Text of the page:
(a version of this was originally posted on the now defunct Pendant forum)
Since I really like Thibault’s book and found his theory very useful for understanding fencing, I tend to refer to it often, and yet I cannot point to a good explanation of his ideas. So I’m going to try to provide this here.
As you might know Thibault published his book in 1628 and has been heavily influenced by the Spanish School (la Verdadera Destreza) though other influences show in his work. So some of the things detailed below can be linked quite easily with other Spanish writings. But since I don’t know them as well I will try to let Thibault stand by himself here.
The quotes I present are translated by me, therefore probably not the best translation. Of course I don’t have an English translation because it would have little interest for me, given that I can read the work in the original French… I tried to be as faithful as possible to the text, nonetheless it probably reads a lot better in Thibault’s French than in my English!
On with some theory first…
Distance in Thibault is represented by what he calls “Instances”. This is an unusual term in fencing even in French. It is not used there in the common meaning found in English; rather it means urgent request, pressing solicitation, entreaty… These are positions that elicit a reaction. They are defined with the fencers standing in the “straight line” position strongly associated with Spanish fencing: body upright, feet close together (roughly shoulder width), slightly profiled, arm and sword straight towards the enemy parallel to the ground. Thibault defines them thus:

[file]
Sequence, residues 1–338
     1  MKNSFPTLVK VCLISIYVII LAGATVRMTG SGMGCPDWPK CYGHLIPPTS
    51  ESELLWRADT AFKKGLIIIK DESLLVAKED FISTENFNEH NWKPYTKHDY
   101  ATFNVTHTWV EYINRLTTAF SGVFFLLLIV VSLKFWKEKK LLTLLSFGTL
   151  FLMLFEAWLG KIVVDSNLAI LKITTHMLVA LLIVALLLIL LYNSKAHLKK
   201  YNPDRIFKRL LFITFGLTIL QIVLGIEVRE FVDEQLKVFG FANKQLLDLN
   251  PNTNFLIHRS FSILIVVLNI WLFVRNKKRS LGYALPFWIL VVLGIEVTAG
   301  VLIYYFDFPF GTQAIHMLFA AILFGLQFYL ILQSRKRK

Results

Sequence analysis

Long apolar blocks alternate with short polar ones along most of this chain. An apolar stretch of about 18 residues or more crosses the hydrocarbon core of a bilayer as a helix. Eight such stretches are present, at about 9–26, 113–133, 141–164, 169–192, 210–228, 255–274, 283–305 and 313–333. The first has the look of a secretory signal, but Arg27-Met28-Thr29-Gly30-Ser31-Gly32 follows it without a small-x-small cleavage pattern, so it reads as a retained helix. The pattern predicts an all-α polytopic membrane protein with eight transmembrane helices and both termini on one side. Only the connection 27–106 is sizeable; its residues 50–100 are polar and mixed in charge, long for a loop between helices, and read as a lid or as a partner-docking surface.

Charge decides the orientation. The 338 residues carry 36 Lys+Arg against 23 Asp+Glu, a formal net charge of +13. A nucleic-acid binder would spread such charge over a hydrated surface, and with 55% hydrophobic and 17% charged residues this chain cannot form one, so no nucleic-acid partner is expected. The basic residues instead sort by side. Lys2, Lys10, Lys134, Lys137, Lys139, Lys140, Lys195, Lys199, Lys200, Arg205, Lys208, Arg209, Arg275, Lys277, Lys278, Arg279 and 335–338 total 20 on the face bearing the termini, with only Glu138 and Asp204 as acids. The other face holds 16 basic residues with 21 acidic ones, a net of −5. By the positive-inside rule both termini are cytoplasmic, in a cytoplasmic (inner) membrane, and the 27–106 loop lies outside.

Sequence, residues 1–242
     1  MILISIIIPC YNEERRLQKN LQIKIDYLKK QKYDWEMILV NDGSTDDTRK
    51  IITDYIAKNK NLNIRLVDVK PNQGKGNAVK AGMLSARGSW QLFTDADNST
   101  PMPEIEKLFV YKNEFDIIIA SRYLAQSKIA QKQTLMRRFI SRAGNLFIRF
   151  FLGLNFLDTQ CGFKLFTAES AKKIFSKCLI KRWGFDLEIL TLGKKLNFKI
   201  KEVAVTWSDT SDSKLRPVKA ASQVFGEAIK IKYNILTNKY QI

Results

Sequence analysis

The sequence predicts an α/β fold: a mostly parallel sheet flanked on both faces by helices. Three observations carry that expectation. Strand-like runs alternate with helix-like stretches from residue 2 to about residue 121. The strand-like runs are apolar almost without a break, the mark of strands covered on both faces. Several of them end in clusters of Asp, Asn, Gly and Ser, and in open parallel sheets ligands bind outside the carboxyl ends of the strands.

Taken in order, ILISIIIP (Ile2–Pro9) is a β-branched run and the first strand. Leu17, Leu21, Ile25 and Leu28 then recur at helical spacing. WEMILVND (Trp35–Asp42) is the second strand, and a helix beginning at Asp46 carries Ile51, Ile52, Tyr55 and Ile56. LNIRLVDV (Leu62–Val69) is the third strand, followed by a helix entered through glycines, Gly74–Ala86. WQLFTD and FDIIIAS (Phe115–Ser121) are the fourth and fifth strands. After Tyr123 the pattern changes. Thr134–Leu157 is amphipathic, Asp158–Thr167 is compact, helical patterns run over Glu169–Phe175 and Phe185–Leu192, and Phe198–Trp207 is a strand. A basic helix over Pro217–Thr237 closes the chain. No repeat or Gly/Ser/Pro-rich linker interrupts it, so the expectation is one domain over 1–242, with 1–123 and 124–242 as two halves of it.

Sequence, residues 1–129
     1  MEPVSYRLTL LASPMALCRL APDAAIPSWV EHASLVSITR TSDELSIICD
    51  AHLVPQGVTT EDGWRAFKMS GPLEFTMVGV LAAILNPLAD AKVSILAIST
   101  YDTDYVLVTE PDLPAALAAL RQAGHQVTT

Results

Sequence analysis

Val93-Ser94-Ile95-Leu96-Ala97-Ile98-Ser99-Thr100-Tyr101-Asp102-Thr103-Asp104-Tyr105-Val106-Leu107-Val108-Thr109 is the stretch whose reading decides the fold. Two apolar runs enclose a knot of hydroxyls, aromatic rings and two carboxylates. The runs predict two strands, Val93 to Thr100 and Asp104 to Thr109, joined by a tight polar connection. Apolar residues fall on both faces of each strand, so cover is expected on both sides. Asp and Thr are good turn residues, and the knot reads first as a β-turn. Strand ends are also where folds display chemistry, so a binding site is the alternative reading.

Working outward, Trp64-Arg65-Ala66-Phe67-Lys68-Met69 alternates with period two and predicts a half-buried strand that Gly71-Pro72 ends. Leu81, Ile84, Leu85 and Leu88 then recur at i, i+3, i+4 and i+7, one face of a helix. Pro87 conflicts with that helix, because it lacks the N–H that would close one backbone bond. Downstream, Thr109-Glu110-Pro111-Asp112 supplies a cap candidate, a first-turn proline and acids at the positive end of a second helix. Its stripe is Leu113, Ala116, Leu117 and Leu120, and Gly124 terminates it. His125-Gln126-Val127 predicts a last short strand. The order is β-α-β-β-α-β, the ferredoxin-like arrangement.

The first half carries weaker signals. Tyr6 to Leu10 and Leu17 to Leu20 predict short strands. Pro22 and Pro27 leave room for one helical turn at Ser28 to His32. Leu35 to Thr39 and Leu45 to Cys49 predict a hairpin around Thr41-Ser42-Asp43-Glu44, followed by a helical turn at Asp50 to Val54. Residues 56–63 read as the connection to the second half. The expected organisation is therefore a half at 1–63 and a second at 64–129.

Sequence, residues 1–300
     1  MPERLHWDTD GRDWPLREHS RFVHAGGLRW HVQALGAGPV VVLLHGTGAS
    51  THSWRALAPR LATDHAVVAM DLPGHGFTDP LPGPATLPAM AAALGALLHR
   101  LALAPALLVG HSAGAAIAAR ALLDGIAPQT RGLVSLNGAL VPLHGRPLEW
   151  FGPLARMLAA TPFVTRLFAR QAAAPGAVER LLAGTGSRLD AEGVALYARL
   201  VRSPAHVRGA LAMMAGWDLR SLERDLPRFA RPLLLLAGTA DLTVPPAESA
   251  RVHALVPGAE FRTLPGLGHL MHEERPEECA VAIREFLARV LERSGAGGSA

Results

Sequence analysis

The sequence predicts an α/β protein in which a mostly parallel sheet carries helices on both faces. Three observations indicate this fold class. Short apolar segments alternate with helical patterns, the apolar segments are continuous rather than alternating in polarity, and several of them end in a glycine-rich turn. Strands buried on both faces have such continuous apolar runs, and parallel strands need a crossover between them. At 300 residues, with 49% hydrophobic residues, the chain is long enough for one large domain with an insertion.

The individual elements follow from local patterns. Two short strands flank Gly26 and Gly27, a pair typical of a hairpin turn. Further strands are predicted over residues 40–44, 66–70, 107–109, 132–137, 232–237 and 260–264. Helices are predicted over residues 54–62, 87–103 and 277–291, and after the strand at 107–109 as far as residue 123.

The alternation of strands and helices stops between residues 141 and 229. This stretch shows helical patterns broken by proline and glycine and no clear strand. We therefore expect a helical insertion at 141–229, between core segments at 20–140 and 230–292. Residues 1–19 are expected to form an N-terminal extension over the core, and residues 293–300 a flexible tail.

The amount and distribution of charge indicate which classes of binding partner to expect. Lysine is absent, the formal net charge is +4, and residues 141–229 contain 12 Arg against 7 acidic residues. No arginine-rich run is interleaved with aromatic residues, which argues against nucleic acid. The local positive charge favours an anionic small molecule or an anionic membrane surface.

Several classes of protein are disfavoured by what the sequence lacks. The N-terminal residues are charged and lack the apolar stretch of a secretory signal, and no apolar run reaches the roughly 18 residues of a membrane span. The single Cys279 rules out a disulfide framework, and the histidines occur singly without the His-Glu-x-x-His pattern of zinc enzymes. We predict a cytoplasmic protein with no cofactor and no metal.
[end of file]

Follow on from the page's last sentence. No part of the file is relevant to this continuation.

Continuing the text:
Both fighters come firstly in contact at the First Instance. […] While they are in this measure, we say they are at the First Instance, because if they hold themselves further away, they are like out of measure, because they cannot touch one another in a mediocre time, because they are almost out of their reach.
The Second Instance is the one that comes so close to the adversary […] that one can put the tip of the sword on the elbow, and therefore one can touch him in half a time with a simple leaning of the body firm-footed. […] This measure is called Second Instance, because it cannot be reached at first coming, without having assured the approaches before: and being there, one works with more advantage […].
From Second Instance one comes to the Third […]. It is a measure from which one can wound the ennemy, holding the body straight without any motion of the feet, doing nothing else than straightening the arm.
Girard Thibault, Table I, Circle 4 (p.9-10)
In short, further away than the first Instance we are out of reach and thus relatively safe. At the second Instance things get dangerous, the fencers can touch one another firm-footed. At the third Instance they can wound one-another through the body firm-footed (they can push their blade as far in as the space between second and third Instance, which is half an arm).
Fair enough, but the first Instance is not precisely defined here yet. In table IV we have a very clear depiction, though.
And at the same place there is a whole discourse about it: